How to clean and prepare catfish
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Michael Packer holding a caught catfish

How to clean and prepare catfish

Tips for taking your freshly caught catfish from the shore to your kitchen

Michael Packer
Wildlife Recreation Specialist, DWR Central Region

Female angler holding up a caught catfish at Utah Lake
Female angler holding up a caught catfish at Utah Lake

Catfish are fun to catch and make for a delicious meal. But they need a few extra steps — and a couple of inexpensive specialized tools — to get them from the lake to your plate. Here's a step-by-step guide to getting the most out of your catch.

Suggested tools and equipment:
  • A large bucket or fish stringer
  • Cooler with plenty of ice
  • A very sharp, flexible-bladed knife (such as a 6–8 inch fillet knife)
  • Game sheers or scissors
  • Catfish skinning pliers (or needle-nose pliers)
  • Fish fillet glove or a fish-handling rag
  • A cutting board with clamp (sometimes called a fillet board)
  • Two caught catfish on a table with a fillet board, gloves and pliers
Two caught catfish on a table with a fillet board, gloves and pliers

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Step 1: Bleed out the catfish immediately after you catch it

"Bleeding" the fish immediately after you've caught the fish isn't required, but it does preserve the quality of the meat and many anglers believe it improves the taste. Bleeding catfish can be accomplished by using any one of the following methods:

Caught catfish resting on ice
  • Use a pair of game sheers or scissors to cut through the gills (both sides of the fish, or both sets of gills).
  • Using a pair of pliers, rip through the gills.
  • With a sharp knife, cut through the artery at the tail (often easier to cut off the tail).
Caught catfish resting on ice

Then, put the fish briefly on a stringer and return to the water to bleed out. This can also be accomplished by placing the fish in a bucket of water, or a cooler with water. Allow the fish to bleed out for about 10 minutes and then transfer to a cooler with plenty of ice. Properly storing the fish on ice is key to preserving the quality of the meat (especially during the heat of summer).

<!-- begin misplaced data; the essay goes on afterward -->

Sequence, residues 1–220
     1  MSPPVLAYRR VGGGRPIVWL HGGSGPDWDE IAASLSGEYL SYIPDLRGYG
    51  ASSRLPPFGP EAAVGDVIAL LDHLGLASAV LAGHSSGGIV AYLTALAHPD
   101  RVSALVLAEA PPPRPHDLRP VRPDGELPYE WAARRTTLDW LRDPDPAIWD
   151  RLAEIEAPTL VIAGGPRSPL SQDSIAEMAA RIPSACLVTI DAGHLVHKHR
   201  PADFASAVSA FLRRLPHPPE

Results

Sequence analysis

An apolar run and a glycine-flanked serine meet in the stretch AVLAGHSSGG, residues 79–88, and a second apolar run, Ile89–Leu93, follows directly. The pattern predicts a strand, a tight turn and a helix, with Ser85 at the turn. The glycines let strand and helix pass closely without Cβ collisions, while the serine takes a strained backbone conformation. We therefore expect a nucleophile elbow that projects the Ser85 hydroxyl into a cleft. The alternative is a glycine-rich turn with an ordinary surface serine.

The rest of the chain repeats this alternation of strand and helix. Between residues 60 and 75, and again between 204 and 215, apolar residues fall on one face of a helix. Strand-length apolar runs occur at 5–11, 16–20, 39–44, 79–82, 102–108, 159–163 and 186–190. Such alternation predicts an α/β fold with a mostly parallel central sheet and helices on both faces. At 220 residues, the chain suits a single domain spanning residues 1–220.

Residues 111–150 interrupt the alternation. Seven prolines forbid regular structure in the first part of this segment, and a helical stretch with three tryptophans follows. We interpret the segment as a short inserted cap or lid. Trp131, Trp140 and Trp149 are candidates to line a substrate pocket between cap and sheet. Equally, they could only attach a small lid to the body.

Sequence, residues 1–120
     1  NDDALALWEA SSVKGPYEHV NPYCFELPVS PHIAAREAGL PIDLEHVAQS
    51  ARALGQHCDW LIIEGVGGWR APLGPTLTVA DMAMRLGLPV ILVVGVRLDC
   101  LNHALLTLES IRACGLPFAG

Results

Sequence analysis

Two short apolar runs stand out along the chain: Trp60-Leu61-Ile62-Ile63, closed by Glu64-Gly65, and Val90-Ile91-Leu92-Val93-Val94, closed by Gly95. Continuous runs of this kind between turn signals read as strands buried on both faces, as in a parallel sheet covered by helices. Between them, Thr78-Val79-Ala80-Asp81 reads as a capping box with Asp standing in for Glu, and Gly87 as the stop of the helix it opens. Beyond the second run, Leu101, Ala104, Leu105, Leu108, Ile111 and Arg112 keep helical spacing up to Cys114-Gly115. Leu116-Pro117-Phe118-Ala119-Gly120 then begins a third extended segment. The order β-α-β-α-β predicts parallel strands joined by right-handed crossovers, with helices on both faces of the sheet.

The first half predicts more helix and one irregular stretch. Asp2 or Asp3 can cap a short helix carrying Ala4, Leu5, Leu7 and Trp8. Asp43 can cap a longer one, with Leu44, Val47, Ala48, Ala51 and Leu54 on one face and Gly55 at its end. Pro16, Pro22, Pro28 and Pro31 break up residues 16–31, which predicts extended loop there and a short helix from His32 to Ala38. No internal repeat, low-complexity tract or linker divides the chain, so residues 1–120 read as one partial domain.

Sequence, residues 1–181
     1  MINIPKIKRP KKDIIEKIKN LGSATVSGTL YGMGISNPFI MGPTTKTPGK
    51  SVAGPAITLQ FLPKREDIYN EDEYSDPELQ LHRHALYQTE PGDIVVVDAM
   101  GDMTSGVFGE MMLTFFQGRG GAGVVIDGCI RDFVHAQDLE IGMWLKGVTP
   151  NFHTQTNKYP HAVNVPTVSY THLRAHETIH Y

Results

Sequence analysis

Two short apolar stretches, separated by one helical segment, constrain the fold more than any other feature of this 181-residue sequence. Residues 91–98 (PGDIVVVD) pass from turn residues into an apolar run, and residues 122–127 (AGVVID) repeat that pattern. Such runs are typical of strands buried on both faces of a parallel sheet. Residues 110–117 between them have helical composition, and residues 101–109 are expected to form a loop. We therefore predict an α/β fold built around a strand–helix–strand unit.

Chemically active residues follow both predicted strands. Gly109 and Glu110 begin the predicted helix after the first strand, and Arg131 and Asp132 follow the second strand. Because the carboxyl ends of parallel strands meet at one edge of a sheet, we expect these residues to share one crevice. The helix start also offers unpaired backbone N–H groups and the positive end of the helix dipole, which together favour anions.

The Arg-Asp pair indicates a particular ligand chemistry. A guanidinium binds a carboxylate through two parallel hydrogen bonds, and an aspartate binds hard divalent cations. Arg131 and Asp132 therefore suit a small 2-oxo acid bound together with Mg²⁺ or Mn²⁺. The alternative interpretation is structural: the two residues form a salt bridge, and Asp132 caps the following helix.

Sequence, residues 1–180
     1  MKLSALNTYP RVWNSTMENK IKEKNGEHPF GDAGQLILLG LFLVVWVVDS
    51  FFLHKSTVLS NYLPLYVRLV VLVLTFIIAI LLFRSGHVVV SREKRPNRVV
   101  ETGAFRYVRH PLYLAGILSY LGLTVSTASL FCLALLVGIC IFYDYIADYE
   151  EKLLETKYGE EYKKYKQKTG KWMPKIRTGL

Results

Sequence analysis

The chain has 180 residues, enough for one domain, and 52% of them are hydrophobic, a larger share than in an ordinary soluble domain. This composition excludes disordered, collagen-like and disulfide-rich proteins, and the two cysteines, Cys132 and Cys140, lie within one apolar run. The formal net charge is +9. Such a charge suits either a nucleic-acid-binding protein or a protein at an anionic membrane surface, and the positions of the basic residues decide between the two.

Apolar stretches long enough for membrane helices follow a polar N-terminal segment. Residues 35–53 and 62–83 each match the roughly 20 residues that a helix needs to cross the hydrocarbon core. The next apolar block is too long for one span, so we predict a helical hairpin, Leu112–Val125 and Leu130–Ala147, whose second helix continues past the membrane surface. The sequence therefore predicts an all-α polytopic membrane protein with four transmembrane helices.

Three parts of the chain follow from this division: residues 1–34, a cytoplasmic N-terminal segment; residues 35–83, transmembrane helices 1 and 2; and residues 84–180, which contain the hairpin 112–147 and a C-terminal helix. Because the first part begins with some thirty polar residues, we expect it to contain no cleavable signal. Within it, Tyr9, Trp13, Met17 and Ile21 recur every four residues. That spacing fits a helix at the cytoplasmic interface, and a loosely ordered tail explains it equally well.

Step 2: Skin the catfish

You can fillet and then skin catfish like other types of fish, but many anglers find it easier to remove catfish skin when the fish is intact (whole) rather than remove the skin later from a fillet.

Although you can use a pair of needle-nose pliers and a regular cutting board for this step, you'll find it will go much quicker and easier if you use some specialized equipment. Catfish skinning pliers will help you get a better grip on the fish skin, and a fish filleting board with a clamp is a game changer — you'll use it all the time!

To skin the catfish before you fillet the fish:

  • Use a very sharp 6–8 inch fillet knife to score the skin of the fish with shallow cuts on both sides of the head, and along the spine all the way to the tail.
  • Hand holding skinning pliers, skinning a catfish

    Catfish skinning pliers will help you get a better grip on the fish skin.

  • With pliers, break off the long barbels and pectoral fins (near the gills) of the catfish so the fish can lie flat on the board. (Interesting fact: Catfish have actual bony spines on their front pectoral fins — the two fins located on the sides of the fish closest to the head — and these barbed spines are an anti-predator adaptation that can be "locked" into place.)